Sunday, December 27, 2009

Autotuned Out

I'm Talking to You, 67-Year-Old Rock Stars.

My unsolicited advice to a certain beknighted ex-Beatle?

Here's a list of 10 things you might want to avoid:

10. More plastic surgery. Seriously, dude, your face is looking more and more like Angela Lansbury's every day.

9. The reappearance of your 70s mullet. (C'mon, you're worth a half a billion dollars. Get a haircut that's less than 30 years old.)

8. Sucking up to Simon Cowell on the X-Factor.

7. Mugging for cameras. (Do you even know these days that you're doing it?)

6. Playing the ukulele. Seriously.

5. Rereleasing your albums in "deluxe editions" months after they first appear so your die-hard fans (who waited for Starbucks to open to buy the album in the first place) have to buy it again. Again, you're worth a half a billion dollars -- you don't need to do this.

4. Indulging in endless revisionist history about John Lennon. Yes, yes, you were cool too in the 60s. We get it.

3. Refusing to admit that your vegetarian lobbying stems from being attacked with a ham sandwich thrown by Suzanne Vega's punk boyfriend in the 1970s.

2. Writing and recording a protest song to promote "Meat-Free Monday" in under 5 minutes and then expecting people to take your message seriously.

1. Autotune. As great as it is that the Good Evening New York CD/DVD is the full concert, some of the songs are autotuned half to death. No one expects you to sing perfectly live (especially at age 67)... but it would be nice if you sounded human. (And fuck that "Citi Field" bullshit. It's Shea Stadium.)

Come to think of it, though, I'd rather see a non-autotuned concert for a few hundred people in a record store in Hollywood than an autotuned stadium show shot with 15 High-def cameras.

Paul McCartney Live at Amoeba Music 2007:


Anonymous said...

#10 -- because he's the cute one? lol

Who Am Us Anyway? said...

Well said, Alex! Paul sure can be and often is incredibly frustrating, though of course (I predictably note, lapsing into senile maudlin as I am wont when it comes to the lads) in the end I think it’s clear that he really DID make John a better songwriter and really WAS irreplaceable in creating the Beatles sound. (That all the rest of the Beatles were vital to reigning in Paul’s excess hokum is of course inarguable -- and nearly goes without saying.) Admittedly, part of my tolerance for the old man’s tomfoolery is surely due to my own incredibly old age. What to you youngun’s is plainly just an old man’s sad play at “acting young” can look to an old fart like a peer’s understandable refusal to sit down and shut up.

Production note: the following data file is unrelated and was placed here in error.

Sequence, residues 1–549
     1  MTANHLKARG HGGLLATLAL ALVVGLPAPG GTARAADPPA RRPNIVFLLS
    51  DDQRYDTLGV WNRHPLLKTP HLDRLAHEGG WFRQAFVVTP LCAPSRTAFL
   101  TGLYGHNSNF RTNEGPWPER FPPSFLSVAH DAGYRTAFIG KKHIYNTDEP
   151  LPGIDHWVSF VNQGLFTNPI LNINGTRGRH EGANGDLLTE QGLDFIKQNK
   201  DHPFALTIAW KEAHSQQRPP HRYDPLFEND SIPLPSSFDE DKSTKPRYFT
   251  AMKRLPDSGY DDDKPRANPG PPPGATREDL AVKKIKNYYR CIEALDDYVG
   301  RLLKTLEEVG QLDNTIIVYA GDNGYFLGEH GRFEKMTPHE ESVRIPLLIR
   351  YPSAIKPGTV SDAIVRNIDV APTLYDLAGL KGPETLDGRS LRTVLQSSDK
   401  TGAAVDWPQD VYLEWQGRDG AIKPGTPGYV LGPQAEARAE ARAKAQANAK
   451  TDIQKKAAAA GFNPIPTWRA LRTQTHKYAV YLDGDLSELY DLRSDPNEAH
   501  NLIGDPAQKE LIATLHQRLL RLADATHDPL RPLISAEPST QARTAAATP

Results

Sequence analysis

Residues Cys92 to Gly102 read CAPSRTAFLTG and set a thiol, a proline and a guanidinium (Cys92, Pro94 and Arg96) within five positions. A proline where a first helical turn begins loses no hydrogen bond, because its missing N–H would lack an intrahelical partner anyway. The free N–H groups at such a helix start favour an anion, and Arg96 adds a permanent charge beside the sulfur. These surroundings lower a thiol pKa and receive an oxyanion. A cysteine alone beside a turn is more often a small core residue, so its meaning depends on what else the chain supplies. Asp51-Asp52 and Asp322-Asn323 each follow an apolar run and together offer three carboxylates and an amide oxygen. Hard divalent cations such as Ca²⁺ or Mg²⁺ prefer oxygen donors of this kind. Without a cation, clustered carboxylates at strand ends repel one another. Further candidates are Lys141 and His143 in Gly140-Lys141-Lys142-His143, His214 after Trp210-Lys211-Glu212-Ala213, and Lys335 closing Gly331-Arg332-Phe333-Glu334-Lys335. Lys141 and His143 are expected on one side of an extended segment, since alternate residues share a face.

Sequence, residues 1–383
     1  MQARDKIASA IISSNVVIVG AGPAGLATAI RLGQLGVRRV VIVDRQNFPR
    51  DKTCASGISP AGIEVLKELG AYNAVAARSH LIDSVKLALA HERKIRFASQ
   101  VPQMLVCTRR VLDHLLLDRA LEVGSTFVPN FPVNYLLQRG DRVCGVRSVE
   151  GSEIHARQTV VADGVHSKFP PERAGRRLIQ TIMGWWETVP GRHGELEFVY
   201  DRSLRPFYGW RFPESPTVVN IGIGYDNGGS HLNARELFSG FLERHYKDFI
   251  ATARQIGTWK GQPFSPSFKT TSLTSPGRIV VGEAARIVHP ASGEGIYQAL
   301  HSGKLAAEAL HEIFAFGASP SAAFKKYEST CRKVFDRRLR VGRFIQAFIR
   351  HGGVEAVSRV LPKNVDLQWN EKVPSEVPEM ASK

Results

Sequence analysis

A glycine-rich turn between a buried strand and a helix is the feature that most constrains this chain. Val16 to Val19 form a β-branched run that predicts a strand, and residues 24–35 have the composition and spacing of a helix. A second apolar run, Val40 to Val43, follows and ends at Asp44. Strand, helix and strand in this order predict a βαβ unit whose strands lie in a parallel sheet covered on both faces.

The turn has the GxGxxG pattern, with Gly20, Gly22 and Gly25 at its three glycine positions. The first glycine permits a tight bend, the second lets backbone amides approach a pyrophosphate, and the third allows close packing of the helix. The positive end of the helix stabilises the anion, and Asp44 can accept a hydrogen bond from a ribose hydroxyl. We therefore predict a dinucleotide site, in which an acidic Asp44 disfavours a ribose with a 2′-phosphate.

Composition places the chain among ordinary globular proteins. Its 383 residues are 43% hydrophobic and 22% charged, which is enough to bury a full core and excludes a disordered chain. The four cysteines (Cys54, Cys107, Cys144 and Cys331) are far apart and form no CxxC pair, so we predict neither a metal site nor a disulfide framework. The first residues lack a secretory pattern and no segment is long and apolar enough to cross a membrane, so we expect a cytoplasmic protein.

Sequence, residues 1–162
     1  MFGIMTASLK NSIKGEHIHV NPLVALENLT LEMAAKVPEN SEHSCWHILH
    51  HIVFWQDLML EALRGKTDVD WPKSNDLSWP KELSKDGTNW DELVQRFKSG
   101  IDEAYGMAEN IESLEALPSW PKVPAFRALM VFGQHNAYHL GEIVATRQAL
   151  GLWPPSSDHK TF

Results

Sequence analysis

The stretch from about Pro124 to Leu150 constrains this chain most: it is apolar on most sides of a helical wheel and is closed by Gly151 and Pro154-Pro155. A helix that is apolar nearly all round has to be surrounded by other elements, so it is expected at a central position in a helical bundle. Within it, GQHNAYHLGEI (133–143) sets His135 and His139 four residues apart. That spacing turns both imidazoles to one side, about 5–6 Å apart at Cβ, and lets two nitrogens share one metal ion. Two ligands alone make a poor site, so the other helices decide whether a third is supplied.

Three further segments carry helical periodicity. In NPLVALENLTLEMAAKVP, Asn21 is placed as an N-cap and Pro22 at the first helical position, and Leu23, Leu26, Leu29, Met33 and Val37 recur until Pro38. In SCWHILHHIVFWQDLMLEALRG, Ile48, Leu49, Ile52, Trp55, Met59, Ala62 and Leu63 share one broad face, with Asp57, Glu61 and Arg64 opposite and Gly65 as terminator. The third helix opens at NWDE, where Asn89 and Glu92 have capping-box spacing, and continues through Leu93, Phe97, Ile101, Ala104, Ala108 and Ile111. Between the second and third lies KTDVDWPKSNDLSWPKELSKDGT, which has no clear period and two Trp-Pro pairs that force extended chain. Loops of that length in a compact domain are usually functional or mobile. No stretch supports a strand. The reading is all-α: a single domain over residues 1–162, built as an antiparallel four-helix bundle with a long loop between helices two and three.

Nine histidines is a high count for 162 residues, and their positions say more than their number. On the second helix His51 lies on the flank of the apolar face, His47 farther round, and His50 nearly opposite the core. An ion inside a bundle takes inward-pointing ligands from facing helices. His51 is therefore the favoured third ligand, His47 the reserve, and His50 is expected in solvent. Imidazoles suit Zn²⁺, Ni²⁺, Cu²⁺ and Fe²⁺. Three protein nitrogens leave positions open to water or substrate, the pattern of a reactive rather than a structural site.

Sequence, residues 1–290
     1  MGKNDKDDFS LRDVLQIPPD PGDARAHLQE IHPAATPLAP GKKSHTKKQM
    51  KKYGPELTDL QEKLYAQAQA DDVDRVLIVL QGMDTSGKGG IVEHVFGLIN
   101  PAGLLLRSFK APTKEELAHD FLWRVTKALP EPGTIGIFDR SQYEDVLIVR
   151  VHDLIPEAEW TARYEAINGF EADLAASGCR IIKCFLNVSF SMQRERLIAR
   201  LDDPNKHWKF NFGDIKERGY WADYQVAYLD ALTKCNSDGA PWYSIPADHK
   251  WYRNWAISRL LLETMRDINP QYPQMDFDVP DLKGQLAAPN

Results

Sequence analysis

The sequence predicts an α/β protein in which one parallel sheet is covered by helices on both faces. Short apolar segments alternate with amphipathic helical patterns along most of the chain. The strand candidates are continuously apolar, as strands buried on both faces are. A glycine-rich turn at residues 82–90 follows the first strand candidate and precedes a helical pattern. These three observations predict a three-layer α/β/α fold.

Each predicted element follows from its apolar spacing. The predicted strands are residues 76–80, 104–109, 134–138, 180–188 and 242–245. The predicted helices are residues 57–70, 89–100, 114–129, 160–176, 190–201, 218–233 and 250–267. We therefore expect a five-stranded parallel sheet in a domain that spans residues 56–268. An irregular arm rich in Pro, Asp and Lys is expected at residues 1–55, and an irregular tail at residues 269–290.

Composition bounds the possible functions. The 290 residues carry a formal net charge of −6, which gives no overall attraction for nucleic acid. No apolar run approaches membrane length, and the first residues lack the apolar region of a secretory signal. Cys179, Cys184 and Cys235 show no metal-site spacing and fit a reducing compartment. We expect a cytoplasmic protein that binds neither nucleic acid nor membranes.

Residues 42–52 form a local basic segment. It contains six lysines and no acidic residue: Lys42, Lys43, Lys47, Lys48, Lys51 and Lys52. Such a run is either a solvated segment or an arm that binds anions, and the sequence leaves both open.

Speaking of which, I’ve daydreamed about how interesting it would have been to live in the alternate universe in which, instead of pushing their ill-fated ‘65 & ‘66 summer stadium tours, Epstein had instead encouraged them to continue playing live – and having fun as a group – with unannounced small-club mystery dates while simultaneously developing parallel solo careers with the blessings of all …

Alex said...

Who, you have it completely right (I think) -- the competition between Paul and John pushed both of them to heights neither would have reached alone -- and (mostly) helped reign in both of their excesses. You know, I don't want Paul to sit down and shut up either -- and his casual and effortless brilliance at times makes his hokum all the more infuriating. (And the Amoeba show was so good -- imperfect vocals and all -- that it makes it clear how great a performer Paul can be when he's concentrating more on the music and less on pleasing each and every person in each and every stadium seat.)

PS: And I like the idea of your alternate universe -- maybe if Epstein saw himself more as a manager of the Beatles career and less as a manager of tours it might have happened.

Holly A Hughes said...

Well, I was at that CitiField concert (hey, Shea Stadium was such a pit, I refuse to try to perpetuate that name). Paul's voice sounded pretty excellent to me -- astounding, really. Not to mention his energy level, which put all of us more-than-30-somethings to shame.

I do wish he'd lay off the cosmetic surgery; I wish he'd stop dyeing his hair, too. But I'm still in love with the man, and always will be. I believe all he needs is someone whose honest opinion he values as much as John's once did. I'll wager Paul is surrounded by toadies and panderers and flunkies and sycophants who tell him that everything he does sounds great. In point of fact, 90% of it still does sound great (that Electric Arguments album was fantastic) but the other 10% spoils it all.

One of my recurring daydreams is that Paul will read my blog, realize what great musical taste I have, and hire me to review all his music before he releases it, just to prevent occasional lapses like "Wonderful Christmastime" and "Ebony and Ivory." Of course, he'll become so dependent on my approval that he'll then ask me to choose his clothes, vet his public appearances, share songwriting credits, and, oh, maybe marry him....well, a fangirl can dream, can't she?

Alex said...

Holly, I'd thought that Paul's collaboration with Elvis Costello might provide some needed musical balance for him... but since that doesn't seem like it's going to happen, your plan seems like a good alternative! :)

Alex said...

And is it wrong to hope that Paul will someday again do something as cool as this (starting around 2:32)?